About Psoriasis


Psoriasis is a common but chronic skin condition that causes inflammation and scaling (red elevated patches and flaking silvery scales). The patches can be itchy or sore, causing discomfort and pain. Psoriasis causes skin cells to rise to the surface and shed at a very rapid rate. On average, people with psoriasis shed their skin cells every 3 to 4 days, while people without the condition have a turnover rate of about every 30 days.1,2,3,4


Plaque – Plaque psoriasis is the most common form of the condition and affects about 90% of people living with psoriasis. It causes raised, red, dry lesions or plaques that dry and flake off. This type of psoriasis can affect any part of the body, but most often shows up on the scalp, elbows, knees, and lower back.

Guttate – Guttate psoriasis is the second most common form of the condition and affects about 10% of psoriasis sufferers. It is usually found in young adults and children and triggered by a bacterial infection like strep throat. It is characterized by small, drop-shaped lesions that appear on the trunk, arms, legs, and scalp.

Inverse – Inverse psoriasis is identified by smooth red lesions that may appear shiny. Inverse psoriasis shows up in the skin folds where there is friction and sweat, most commonly in the armpits, in the groin, around genitals, and under the breasts. Fungal infections can trigger this type of psoriasis.

Pustular – Pustular psoriasis typically causes small, pus-filled blisters which then dry out and form scales. The blisters, or pustules, can affect a small area of the body (localized), or a large one (generalized). If the condition is localized, pustules tend to be contained to the palms of hands or soles of feet.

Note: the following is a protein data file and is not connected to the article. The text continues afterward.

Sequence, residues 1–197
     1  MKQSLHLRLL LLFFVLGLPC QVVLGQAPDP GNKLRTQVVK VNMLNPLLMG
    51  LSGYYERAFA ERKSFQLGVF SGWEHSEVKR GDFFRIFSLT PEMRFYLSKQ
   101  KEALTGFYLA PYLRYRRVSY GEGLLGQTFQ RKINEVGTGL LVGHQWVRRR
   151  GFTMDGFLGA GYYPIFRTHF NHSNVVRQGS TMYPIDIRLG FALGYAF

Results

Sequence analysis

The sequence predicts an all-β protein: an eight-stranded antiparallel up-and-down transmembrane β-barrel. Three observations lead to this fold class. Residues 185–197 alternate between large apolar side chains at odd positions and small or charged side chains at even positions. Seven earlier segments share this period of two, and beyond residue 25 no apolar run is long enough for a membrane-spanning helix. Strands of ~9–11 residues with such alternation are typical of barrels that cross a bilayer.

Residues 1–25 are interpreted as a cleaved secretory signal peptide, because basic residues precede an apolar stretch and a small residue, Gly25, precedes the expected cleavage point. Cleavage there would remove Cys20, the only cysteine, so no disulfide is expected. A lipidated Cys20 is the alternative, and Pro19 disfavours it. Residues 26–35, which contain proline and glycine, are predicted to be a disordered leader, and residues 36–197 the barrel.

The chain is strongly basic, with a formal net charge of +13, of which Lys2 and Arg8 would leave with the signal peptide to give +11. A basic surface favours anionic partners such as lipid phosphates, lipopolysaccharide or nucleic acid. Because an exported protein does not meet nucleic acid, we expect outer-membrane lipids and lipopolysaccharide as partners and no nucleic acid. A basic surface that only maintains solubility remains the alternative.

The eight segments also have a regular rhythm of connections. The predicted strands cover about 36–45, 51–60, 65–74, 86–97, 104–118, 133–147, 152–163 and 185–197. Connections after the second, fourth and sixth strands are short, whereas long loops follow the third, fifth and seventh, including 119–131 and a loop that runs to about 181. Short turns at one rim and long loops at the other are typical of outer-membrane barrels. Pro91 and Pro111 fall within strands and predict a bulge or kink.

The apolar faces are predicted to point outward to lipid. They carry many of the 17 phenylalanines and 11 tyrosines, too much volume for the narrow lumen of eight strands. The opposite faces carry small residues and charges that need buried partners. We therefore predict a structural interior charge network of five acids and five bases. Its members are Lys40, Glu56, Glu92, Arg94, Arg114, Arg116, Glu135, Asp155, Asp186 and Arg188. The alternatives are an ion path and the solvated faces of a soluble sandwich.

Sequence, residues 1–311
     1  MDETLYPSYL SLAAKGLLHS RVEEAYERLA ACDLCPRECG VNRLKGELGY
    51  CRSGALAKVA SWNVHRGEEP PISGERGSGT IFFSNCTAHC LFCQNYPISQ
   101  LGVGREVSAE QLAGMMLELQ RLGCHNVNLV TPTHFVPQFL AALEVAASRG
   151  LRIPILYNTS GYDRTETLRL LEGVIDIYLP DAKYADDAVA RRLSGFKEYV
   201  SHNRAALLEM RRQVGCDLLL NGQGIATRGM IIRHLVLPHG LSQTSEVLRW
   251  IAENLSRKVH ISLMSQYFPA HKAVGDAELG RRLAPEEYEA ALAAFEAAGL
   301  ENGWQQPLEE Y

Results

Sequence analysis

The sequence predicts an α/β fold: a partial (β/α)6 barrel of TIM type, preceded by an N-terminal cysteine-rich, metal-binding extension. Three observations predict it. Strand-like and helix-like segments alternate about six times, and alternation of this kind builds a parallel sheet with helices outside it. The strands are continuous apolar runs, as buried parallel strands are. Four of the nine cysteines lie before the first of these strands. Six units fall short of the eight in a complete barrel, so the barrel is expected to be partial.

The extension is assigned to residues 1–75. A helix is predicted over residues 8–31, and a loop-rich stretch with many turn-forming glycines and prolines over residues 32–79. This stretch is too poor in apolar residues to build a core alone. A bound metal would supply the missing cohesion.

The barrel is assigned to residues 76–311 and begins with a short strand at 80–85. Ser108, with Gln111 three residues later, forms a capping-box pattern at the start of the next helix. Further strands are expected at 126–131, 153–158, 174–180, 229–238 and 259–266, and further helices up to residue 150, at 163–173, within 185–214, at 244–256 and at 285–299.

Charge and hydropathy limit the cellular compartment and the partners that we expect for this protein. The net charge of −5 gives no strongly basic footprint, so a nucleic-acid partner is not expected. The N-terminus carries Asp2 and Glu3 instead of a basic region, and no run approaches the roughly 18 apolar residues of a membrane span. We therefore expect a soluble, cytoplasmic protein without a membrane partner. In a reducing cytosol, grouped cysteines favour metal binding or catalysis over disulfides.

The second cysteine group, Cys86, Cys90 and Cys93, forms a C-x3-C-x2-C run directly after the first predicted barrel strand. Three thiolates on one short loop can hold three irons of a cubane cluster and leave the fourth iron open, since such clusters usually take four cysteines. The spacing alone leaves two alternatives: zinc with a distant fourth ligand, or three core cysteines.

Erythrodermic – Erythrodermic psoriasis is a rare but severe form of the condition that affects a large part of the body and causes a red, peeling rash. This form of the condition often has to be treated in the hospital. The skin loses its ability to perform vital functions like regulate the body’s temperature or protect against infection.


    Scientists do not know exactly why people get psoriasis, but it seems to be linked to the immune system and genetics.3 People who have one parent with psoriasis have an increased risk of developing the condition, and the risk increases if both parents have it.7

    Psoriasis usually develops from ages 15 to 35, but it can appear in anyone, from infants (which is rare), to older adults.3

    People with psoriasis have an overactive immune system, causing T cells to attack healthy skin cells by mistake, instead of fighting off viruses or bacteria. These overactive T cells cause skin to turn over too quickly, and trigger psoriasis.6

    Men and women get psoriasis at about the same rates.2 Psoriasis affects individuals of all ethnicities, but Caucasians tend be affected at a slightly higher frequency (3.6%) than African Americans (1.9%).3